5 Kenyan Journalists who failed in Politics

Everyone knows of journalists who succeeded in politics, but do you know there are journalists who failed in politics? Sometimes in life, one must take chances and travel to uncharted territories. Although some risks can yield significant returns, other times they might not.

Numerous journalists took on the risk of leaving their already lucrative careers to try their hand at politics, with many promising to overturn the current system.

failed in Politics
Photo/The Citizen

Mohammed Ali, among others, profited from the gamble, but others missed their opportunity and were forced to hunt for alternative sources of money.

These five journalists ran for office but were unsuccessful.

Kenyan Journalists who failed in Politics

1. Boniface Mwangi

Journalists who failed in Politics

The activist Boniface Mwangi has achieved success in journalism and activism, two different disciplines, yet politics has eluded him. He is among the top journalists who failed in politics.

Photographs by Mwangi depicting the post-election violence that wracked Kenya in 2007–2008 are well known. He is the youngest Prince Claus Laureate and has received the CNN Multichoice Africa Photojournalist of the Year Award twice.

In addition to being a senior TED Fellow, New African Magazine named him one of the 100 Most Important Africans of 2014 and 2016. He was chosen as one of Kenya’s Top 40 Under 40 Men in 2016 and named a Next Generation Leader by Time magazine in 2015.

After raising Ksh6.7 million in 2017, the photojournalist chose to put down his camera and run for the Starehe Parliamentary seat, but he ultimately lost to well-known musician Charles Kanyi (Jaguar).

2. David Makali

 Journalists who failed in Politics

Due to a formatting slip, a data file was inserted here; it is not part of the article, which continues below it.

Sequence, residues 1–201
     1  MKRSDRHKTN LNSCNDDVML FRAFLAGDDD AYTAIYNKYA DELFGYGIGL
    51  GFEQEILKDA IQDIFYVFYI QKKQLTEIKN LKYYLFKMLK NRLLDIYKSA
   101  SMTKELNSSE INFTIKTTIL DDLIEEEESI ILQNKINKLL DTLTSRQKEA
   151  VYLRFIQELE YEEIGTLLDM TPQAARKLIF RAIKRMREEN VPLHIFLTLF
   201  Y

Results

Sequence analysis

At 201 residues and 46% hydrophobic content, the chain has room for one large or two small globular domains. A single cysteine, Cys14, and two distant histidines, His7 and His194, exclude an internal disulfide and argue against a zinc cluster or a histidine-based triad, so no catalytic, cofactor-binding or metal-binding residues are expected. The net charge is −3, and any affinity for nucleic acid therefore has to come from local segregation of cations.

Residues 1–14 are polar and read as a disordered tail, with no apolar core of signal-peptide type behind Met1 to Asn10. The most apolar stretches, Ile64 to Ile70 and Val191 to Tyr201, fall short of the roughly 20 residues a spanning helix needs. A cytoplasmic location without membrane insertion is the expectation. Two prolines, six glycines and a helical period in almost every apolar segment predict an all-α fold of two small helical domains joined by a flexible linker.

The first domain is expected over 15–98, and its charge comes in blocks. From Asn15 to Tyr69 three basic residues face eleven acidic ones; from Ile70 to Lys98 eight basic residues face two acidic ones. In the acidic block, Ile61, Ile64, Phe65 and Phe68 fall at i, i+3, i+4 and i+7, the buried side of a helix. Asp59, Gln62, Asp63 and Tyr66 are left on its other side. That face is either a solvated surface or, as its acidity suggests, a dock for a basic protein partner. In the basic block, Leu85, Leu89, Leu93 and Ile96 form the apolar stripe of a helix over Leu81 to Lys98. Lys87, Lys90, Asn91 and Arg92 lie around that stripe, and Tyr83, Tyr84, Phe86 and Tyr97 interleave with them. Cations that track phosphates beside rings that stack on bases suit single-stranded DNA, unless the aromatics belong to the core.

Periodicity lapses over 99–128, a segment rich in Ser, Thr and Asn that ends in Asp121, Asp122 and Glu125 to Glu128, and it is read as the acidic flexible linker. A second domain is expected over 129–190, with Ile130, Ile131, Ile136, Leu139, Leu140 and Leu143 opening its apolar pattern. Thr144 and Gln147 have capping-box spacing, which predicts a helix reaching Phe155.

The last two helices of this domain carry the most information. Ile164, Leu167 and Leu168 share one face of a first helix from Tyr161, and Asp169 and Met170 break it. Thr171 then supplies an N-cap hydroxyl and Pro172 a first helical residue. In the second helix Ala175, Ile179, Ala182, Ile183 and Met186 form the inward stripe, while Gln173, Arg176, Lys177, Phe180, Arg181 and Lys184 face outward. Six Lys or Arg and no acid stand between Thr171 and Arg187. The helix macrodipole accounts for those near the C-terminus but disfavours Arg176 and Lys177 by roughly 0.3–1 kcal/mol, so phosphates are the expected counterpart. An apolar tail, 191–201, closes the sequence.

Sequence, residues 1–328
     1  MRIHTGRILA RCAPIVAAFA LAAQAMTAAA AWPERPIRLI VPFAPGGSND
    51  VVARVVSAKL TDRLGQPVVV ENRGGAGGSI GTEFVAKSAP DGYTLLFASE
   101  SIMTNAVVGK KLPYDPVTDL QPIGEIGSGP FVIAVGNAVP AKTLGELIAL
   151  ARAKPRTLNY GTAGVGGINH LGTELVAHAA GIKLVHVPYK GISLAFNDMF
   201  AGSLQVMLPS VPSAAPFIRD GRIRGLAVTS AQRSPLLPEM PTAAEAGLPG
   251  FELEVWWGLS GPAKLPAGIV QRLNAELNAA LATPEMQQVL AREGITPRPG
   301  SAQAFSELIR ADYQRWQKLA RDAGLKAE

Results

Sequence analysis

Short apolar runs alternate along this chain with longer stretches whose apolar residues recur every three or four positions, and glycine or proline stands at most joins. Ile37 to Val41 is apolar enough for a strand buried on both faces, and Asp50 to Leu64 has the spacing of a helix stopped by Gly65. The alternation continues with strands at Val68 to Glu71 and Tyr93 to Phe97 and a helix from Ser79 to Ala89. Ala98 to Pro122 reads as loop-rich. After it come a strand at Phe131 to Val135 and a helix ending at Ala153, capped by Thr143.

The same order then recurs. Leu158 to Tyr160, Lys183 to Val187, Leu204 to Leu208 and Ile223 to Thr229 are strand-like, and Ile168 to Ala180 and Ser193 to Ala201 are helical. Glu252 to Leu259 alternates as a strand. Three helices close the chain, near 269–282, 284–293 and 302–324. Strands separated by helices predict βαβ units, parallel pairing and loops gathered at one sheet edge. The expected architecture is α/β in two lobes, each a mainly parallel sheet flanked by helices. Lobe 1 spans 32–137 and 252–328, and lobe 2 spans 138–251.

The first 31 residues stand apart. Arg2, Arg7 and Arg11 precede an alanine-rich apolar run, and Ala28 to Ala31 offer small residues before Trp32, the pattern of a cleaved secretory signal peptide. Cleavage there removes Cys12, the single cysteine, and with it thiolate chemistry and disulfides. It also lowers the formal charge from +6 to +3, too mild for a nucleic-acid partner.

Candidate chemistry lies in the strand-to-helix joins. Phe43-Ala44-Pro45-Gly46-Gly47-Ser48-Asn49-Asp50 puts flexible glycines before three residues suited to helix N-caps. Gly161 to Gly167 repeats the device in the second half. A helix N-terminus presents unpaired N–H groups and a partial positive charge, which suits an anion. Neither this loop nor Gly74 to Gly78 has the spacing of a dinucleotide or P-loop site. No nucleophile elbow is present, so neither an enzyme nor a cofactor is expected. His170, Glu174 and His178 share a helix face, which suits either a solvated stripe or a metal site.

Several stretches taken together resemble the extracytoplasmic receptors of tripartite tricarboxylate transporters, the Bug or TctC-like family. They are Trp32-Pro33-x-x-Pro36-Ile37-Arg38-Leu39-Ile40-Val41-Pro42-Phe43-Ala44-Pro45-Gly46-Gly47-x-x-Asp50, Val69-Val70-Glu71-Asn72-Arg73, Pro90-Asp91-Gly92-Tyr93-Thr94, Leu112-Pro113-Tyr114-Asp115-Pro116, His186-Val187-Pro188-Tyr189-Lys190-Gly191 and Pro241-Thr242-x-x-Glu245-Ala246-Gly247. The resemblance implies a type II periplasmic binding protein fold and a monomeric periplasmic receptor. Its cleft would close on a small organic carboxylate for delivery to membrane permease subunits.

In his prime, journalist David Makali could be seen on Citizen TV hosting the Morning show and Cheche with Uduak Amimo every morning.

Yet in order to reach that position, the outspoken political analyst first held the position of chief of content at the Star newspaper, where he declined to extend his one-year contract.

Makali left his job in the media in the months leading up to the 2017 general elections to contest for the Bungoma Senate seat.

After Moses Wetangula won the election, Makali, who had run for the job through the Amani National Congress (ANC) party, announced his resignation.

2019 saw the appointment of Makali as the task force’s chair for enhancing government information and public communications functions by ICT Ministry Cabinet Secretary Joseph Mucheru. He still maintains the role.

Read Kenyan Journalists who became Politicians

3. Kendagor Obadiah


In the desire to have the chance to better serve his followers as the Kapenguria Member of Parliament, the former Senior Reporter for Citizen TV made the decision to quit stardom in 2016.

At the time, Obadiah said that he was inspired by rampant livestock rustling and developed an enthusiasm for overturning the status quo.

“I have reported on raids between the Pokot and Turkana, the famine that my people experience, and the poor educational standards. Obadiah said, “I think the time is perfect to assume leadership.

Obadiah’s opponent, Chumel Samwel Moroto, won the seat.

4. Anderson Ojwang


In 2016, Anderson Ojwang gave up his work as a journalist to run for the Karachuonyo Parliamentary seat.

As a Bureau Chief at The Standard, the former journalist had advanced through the ranks.

Ojwang stated that the need to raise the people’s economic standards was what drove him to run, stating that “Karachuonyo becomes a producer rather than a consumer constituency.”

The former journalist finished seventh in the Orange Democratic Movement (ODM) party primary in Homa Bay with only 816 votes.

Andrew Adipo currently holds the seat for Karachuonyo.

Read Highest Paid Journalists In Kenya 2022.

5. David Ohito


David Ohito, who had risen through the ranks to a managerial position and spent a record 22 years in the newsroom, left the mainstream media and announced his intention to run for the Ugenya Parliamentary seat. He is among the top journalists who failed in politics

Award-winning journalist David Ohito worked as a writer, bureau chief, news editor, and digital editor for The Standard media group.

Ohito, who lost the Ugenya MP seat to David Ochieng’ in the 2017 parliamentary elections, is now the chief of staff for Mandera County.

He was a previous vice chair of the Kenya Editors Guild and participated on the panel of judges for the CNN Africa Journalist of the Year Awards.

He graduated from Moi University with a bachelor’s in government and public administration and from the University of Nairobi with a master’s degree in communication.